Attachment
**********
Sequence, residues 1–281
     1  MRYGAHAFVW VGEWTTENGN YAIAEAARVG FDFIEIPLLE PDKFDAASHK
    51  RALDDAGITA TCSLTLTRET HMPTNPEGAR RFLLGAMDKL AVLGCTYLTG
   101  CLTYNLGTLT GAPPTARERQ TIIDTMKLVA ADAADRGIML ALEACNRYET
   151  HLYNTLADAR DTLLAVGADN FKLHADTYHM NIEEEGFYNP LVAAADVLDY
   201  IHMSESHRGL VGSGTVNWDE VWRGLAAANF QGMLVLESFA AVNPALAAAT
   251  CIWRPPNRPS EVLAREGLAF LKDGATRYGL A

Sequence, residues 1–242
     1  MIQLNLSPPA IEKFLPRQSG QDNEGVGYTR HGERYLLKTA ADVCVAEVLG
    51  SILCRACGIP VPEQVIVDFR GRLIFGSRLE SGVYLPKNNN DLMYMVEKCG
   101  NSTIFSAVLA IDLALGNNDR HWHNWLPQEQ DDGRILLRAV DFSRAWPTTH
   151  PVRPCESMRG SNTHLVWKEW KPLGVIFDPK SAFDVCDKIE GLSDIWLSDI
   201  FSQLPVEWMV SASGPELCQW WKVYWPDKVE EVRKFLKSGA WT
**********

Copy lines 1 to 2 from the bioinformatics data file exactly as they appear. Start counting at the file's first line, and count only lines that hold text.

Sequence, residues 1–281
     1  MRYGAHAFVW VGEWTTENGN YAIAEAARVG FDFIEIPLLE PDKFDAASHK